With the current set of economic upheavals, we're seeing the “BUY GOLD!” ads, and ads disguised as information, in a lot of the prepper-sphere. There are always a few such ads -- investing in precious metals as a hedge against inflation can be a good strategy -- but whenever the world starts to tilt a bit off-center, the metals merchants ramp up their advertising. Let's go over some basics about precious metals.
Gold is, and has been, a form of money for millennia. As a fairly rare metal that doesn't tarnish or rust, it is easy to store and work with. Being soft and dense for a metal, gold is well suited for ornamental use. For the first half of the existence of the USA, our paper money was backed by gold and was very stable. Other than the small percentage used for making jewelry and artwork, all of the gold that is mined is still in circulation, even if it is sitting in a vault somewhere. Large transfers of gold rarely involve physically moving it; the custodians just change the name on the paperwork that tracks who owns it. Gold is currently (Q1 2022) selling for around $2000/oz on the spot market, making it a very compact way to store fairly large sums of money.
Silver is a slightly different story. Since it is used in several industries, silver actually gets consumed over time. Being the best conductor of electricity we have, some gets used up in the creation of electronic devices. Old-school photography used to use tons of silver in the chemicals used to produce film, to the point that “mining” old x-ray sheets was a profitable way to get silver. Some US coins minted before 1965 (dimes and quarters mostly) were actually made of silver and are now collectible. Well-worn or “circulated” silver coins are called “junk silver”, and bags of them pop up for sale on occasion. Silver prices are floating around $25.00/oz right now, making it more suitable for use in small transactions.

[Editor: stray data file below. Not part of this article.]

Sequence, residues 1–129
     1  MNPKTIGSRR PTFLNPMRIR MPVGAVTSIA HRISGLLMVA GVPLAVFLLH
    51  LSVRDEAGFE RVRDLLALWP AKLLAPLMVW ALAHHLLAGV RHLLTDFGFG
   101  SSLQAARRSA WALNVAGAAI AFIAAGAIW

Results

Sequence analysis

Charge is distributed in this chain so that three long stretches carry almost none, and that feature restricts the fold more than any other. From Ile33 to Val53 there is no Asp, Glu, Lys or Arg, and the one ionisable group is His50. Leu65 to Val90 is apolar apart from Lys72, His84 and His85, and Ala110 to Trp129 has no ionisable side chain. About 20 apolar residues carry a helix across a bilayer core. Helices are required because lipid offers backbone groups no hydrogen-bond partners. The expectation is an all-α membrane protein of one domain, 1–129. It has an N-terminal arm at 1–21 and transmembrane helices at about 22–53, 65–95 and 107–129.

Other rare metals like Platinum and Palladium are a specialty market; they have industrial uses and are not common enough to use as currency. Copper and Nickel have been used as money in the past when they were fairly hard to get, but modern mining techniques have made them too common.
Buying precious metals is your choice, but I can't recommend basing your preps on them. Here are my reasons for being less enthusiastic about gold and silver than the salesmen are:
- You can't eat gold. Basic preps are water, food, and shelter, and gold is none of these. It may let you purchase the basics, but only if there is a seller that wants gold/silver.
- Counterfeiting coins has existed for as long as coins has. Ever wonder why dimes and quarters have ridges around their edges? Their purpose is to show if someone has shaved the coins to harvest a bit off of the edges. Foreign coinage and miniature bars may have official markings, but there is a level of trust involved every time they change hands.
- Gold is compact, which makes it easy to store, but also makes it easier to steal or lose.
- Gold is too compact for everyday purchases. How are you going to “make change” for a $10 meal if all you have are coins worth $2000 each? Divisible coins like the Spanish dollar, made up of eight “Reales” (the “pieces of eight” of pirate lore) were one solution, but we don't have anything like that in circulation.
- Governments have outlawed the private possession of gold in the past and can do it again.
- Being a physical commodity, metals are finite. Unless you have won the lottery, you won't be able to store enough to carry you through a long-term crisis. Preppers need to be able to produce something or provide a service that others are willing to trade for in able to survive long- term.
Personally, I don't store gold or silver, preferring to stockpile things that are of immediate use and easier to trade. Given a time machine, I would like to go back and put more of my retirement savings into gold, but that is nothing more than 20/20 hindsight. None of us know exactly what the future will bring, so we just have to plan and prepare as best we can and figure out ways to get through the surprises that life is going to throw at us.